The battle to be the next UK Prime Minister is still raging in the Conservative Party as MPs call for Theresa May to stand down.
And Jeremy Hunt has entered the serious running for the premiership following 24 hours in the spotlight.
Mrs May has already confirmed she will quit her post as PM once ‘stage one’ of the Brexit negotiations have been settled.
But that means she could stay on until the new Brexit date — October 31 — passes. And there are MPs in the Tory party who want her gone now.
Mark Francois and Ian Duncan Smith have been the most vocal advocates of a new Prime Minister.
And after a weekend in which it was claimed there is a Boris Johnson-Michael Gove leadership pact, Hunt’s name has swung into view.
Hunt is now down to the 7/1 fourth favourite with William Hill to be the next Tory leader, down from 12/1 in January.
The swing comes as punters who bet on politics seek another candidate to back over Johnson or Gove, who for so long have been the frontrunners.
So where is Hunt’s popularity coming from?
The Conservative bedrock likes nothing more than a strong leader on the world stage. And this is what Jeremy Hunt achieved over the past few days.
The Foreign Secretary - so derided for his handling of the NHS cuts during his time as Health Secretary - has been in Japan seeking trade agreements post-Brexit.
"Businesses need certainty, businesses in the UK as well as Japan need certainty. People want the issue resolved," he said.
It’s the sort of rhetoric that plays well into the Conservative psyche. And in a government that has failed to get anywhere near its promised ‘40 trade deals by Brexit’ aim, having Hunt talking business in Japan is a strong move.
He also said on Monday that Shamima Begum - the IS bride who is looking to return to the UK from Syria - should get legal aid.
The case has proved controversial. Yet press attention such as this sets Hunt up as a logical Tory, who plays by the rules but who can also reach out to the other side of the divide. The valuable sympathetic Conservative.
Capturing that centre ground has proved difficult in UK politics recently. And where Mr Hunt has an edge over the more right-wing leaning Johnson and Gove is that he could convince centrist voters to back him at the next general election.
He is far less knee-jerk than either Johnson or Gove, and his main rival in the leadership race could well be Dominic Raab, who Karamba have at 25/4 to be the next Tory leader and who doesn’t carry the collateral Hunt does from his time as Health Secretary.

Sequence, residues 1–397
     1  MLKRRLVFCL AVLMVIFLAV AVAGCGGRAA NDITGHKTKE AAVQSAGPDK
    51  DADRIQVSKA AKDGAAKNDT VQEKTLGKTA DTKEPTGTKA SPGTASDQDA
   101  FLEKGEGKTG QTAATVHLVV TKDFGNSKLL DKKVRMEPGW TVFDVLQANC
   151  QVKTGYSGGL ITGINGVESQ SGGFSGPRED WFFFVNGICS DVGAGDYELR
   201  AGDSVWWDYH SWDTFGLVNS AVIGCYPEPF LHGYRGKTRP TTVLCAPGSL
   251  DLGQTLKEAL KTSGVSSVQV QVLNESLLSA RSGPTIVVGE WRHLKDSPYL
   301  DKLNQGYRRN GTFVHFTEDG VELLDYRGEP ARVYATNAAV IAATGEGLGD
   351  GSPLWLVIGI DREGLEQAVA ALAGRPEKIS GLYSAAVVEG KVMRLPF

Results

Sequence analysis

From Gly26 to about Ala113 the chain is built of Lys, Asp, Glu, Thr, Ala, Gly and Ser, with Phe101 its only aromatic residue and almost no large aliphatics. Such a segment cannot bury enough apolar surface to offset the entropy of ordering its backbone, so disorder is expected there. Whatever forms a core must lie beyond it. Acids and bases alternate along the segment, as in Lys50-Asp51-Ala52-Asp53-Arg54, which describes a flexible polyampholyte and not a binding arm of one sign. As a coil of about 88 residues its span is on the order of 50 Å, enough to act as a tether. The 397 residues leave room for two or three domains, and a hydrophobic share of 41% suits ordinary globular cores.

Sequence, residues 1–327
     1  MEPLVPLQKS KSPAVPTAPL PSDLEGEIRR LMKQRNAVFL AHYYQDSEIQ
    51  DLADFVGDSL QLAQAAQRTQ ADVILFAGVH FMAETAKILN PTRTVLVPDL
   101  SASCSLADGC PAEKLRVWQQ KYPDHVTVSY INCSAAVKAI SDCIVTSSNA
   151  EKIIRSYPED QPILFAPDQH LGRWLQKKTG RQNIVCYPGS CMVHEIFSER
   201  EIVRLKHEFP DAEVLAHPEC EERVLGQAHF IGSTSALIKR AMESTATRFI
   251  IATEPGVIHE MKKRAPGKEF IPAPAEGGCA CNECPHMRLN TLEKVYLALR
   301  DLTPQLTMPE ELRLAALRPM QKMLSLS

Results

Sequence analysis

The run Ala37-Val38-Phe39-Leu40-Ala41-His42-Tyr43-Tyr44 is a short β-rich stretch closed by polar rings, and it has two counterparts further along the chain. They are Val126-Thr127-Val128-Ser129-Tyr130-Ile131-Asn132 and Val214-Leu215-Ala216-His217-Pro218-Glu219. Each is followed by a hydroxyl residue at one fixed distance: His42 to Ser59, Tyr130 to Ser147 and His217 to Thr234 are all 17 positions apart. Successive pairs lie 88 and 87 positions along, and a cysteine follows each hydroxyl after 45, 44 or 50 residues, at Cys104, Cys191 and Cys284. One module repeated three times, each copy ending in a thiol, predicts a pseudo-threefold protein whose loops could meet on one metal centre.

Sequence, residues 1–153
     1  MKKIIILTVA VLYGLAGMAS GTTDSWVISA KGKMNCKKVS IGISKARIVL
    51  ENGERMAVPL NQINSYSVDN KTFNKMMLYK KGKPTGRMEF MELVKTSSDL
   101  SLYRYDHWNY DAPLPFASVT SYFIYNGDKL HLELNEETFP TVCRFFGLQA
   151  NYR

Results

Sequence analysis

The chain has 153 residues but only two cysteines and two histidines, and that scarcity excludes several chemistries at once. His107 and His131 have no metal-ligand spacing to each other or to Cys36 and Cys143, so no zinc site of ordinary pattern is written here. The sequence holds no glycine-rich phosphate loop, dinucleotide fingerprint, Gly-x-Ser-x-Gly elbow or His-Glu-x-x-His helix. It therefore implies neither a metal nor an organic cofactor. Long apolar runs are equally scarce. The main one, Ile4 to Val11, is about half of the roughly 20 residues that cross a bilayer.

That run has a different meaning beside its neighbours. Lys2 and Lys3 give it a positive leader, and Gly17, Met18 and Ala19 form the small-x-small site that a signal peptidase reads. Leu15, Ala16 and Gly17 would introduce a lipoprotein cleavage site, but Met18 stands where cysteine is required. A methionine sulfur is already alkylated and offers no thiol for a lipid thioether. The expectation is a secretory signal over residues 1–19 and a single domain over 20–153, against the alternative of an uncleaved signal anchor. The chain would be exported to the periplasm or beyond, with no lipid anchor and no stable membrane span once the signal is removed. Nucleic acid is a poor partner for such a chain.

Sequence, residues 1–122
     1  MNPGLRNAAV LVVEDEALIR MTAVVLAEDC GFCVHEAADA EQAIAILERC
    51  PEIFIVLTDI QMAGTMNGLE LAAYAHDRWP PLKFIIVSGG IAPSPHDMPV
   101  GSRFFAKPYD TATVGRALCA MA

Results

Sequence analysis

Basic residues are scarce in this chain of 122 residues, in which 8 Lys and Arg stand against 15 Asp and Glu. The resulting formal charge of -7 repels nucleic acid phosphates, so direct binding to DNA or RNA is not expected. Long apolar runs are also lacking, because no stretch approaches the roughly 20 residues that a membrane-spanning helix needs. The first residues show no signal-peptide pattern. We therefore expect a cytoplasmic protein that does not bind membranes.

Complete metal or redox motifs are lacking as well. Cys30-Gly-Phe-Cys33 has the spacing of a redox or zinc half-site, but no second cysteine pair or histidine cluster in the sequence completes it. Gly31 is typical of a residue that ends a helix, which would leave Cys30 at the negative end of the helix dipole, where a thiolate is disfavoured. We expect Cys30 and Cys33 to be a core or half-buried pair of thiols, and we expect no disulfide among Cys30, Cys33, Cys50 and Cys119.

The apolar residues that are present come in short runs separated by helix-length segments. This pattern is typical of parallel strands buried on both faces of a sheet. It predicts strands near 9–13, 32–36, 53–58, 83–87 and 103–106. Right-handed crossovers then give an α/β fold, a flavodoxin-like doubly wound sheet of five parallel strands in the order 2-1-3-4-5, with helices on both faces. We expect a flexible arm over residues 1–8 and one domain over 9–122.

Boris Johnson remains the 15/4 favourite with 10Bet to become the next Conservative leader.
He is playing his own game in Westminster but seems to have the ear of Tory backbenchers as much as voters. Johnson has played his Brexit card far greater than Gove and is now arguably the lead figure of those right of the Tory party.
Staying in power is what the decision makers in any political party think about most.
The Conservatives last weekend fell to a five-year low in the polls and work is well underway to have a new leader sourced and settled once Mrs May calls it quits.
Ian Duncan Smith still reckons that should happen soon, saying on Sunday: “She said she would go as and when the agreement was ratified, which was looking at around about May, June. I think those dates still stand.”
But Theresa May doesn’t appear to be leaving any time soon. And that’s why Coral have her priced at 6/1 to leave her position in the year 2020, instead of 2019.
For that to happen, the Brexit deadline would likely have to be set back a few months from October 31. But as we’ve already seen with Brexit, delaying the UK’s leave date from the EU is possible.
The EU agreed among its 27 other states to extend the Brexit deadline but there were hard words from France warning No Deal could always be an option.
Those who bet on politics may believe President Macron is bluffing on that threat but would UK politicians risk No Deal after all of this?
It seems as though the UK could well request an extension if Parliament again cannot agree to anything. And if that happens, the 6/1 price on Mrs May leaving in 2020 looks a tempting bet.
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